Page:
President Donald Trump, angered by reactions to his Charlottesville remarks, unleashed a string of media attacks in his Phoenix speech on Tuesday.
Trump targeted others in his rant, including the two Arizona Senators. However, it was the media that came in for a sustained bashing.
Clearly, Trump was not happy about the substantially true coverage of his changing Charlottesville utterances. He seemed particularly incensed by CNN, the Washington Post, and the New York Times. Trump also took a few potshots at ABC’s George Stephanopoulos.
The media and Trump have long had a love-hate relationship. Trump craves attention. And the media, in turn, has always found him a colorful and quotable character. Even in his early incarnation as a real-estate businessman, the media was fascinated by him.
After Trump’s entry into politics, this mutually-beneficial relationship continued. He got tons of free media during the Presidential campaign. For the media, profits soared as audiences grew. Further, the drama of President Trump has also been healthy for media coffers.
However, profits cannot protect individual journalists or a free press. Candidate and President Trump’s attacks on the media are unfair and dangerous.
Media Attacks: Unfair
Trump did acknowledge that he has considerable support from right-wing media like Fox News. However, he ignored the vast blogosphere and conservative media that back him on a daily basis.
Also, Trump admitted to the power of social media –mainly Twitter – as a counter to the media. With millions of followers, Trump’s social media prowess creates a resounding echo chamber.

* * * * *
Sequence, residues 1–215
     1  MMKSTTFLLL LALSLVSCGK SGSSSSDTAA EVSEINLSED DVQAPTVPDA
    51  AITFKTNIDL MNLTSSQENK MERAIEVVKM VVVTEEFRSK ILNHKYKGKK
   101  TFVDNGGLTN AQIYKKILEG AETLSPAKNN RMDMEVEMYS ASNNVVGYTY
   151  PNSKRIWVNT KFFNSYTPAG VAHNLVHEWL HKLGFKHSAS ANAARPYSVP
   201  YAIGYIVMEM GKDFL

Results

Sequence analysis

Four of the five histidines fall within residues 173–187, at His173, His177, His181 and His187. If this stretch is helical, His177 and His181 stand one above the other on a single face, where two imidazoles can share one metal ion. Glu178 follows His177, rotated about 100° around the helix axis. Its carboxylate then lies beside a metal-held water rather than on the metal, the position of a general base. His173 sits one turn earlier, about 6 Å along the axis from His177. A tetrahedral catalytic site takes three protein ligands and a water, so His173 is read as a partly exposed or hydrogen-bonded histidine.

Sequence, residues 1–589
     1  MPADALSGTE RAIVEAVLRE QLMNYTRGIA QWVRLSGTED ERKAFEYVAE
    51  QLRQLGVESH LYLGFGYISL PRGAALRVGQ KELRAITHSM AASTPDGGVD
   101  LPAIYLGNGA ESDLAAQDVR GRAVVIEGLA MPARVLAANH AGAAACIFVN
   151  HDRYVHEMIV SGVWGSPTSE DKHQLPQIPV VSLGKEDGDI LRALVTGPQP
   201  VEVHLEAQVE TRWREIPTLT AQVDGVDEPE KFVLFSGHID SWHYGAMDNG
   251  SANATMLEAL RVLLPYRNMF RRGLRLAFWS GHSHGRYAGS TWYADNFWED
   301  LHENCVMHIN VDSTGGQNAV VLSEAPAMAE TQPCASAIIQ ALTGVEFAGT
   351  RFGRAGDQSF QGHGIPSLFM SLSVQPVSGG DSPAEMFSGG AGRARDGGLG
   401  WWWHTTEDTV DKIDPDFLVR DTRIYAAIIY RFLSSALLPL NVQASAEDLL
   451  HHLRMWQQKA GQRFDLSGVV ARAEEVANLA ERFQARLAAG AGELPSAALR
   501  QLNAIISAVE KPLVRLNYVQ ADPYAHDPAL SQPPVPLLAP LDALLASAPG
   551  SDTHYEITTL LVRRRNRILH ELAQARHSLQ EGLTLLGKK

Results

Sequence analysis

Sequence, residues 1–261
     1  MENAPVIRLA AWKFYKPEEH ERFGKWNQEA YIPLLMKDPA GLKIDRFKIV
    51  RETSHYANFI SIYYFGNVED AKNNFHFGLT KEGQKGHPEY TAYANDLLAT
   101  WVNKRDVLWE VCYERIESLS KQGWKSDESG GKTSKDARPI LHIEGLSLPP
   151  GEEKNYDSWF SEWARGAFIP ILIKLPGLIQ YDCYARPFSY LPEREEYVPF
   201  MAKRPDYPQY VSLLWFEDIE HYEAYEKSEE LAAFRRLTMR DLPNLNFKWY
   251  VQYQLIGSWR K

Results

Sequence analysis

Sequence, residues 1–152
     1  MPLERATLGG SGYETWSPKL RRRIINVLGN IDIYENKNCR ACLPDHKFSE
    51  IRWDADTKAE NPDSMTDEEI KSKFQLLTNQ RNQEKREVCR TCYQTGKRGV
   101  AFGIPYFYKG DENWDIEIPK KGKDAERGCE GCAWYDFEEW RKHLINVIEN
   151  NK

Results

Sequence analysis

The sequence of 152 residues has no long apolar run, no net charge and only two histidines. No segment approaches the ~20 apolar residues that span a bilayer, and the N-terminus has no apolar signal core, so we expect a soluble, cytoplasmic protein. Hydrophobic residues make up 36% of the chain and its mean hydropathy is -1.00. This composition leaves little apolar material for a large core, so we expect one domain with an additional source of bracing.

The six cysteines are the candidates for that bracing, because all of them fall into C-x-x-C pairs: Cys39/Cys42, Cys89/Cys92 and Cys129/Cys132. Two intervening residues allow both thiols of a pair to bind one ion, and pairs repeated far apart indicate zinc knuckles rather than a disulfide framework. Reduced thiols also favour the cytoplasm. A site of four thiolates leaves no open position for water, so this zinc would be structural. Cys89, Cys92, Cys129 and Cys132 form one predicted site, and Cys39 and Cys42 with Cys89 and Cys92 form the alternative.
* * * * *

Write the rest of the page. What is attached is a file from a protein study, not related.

What Trump does not seem to be able to accept is that as President, he already has a powerful media voice. The media is unable to avoid pointing cameras and recording him. In those circumstances, Presidents need to prepare for what they say, unlike the often-rambling and dangerous remarks Trump makes.
Media Attacks: Dangerous
Presidents and media, especially in a democracy like the US, have always had a testy relationship. Combative media comes with the job of the President. As Harry Truman said, “If you can’t stand the heat, get out of the kitchen.”
Thin-skinned Trump is like one of those tin-pot despots who only want fawning media. His media attacks are dangerous in two ways.
First, the constant media attacks could embolden others to physically turn on the media. Indeed, in July Trump tweeted a doctored video of himself wrestling to the ground a person with a CNN logo for a head. Earlier, a Republican body-slammed a Guardian reporter.
Journalists in the US should not have to go around with bodyguards or guns. We are not in Iraq, Somalia, or Afghanistan.
Second, the media attacks are eroding the free press that Americans are rightly proud of. According to one report, the US is now ranked 43rd in the world for press freedom.
Trump needs to grow up and get on with governing, rather than blaming the media for his missteps.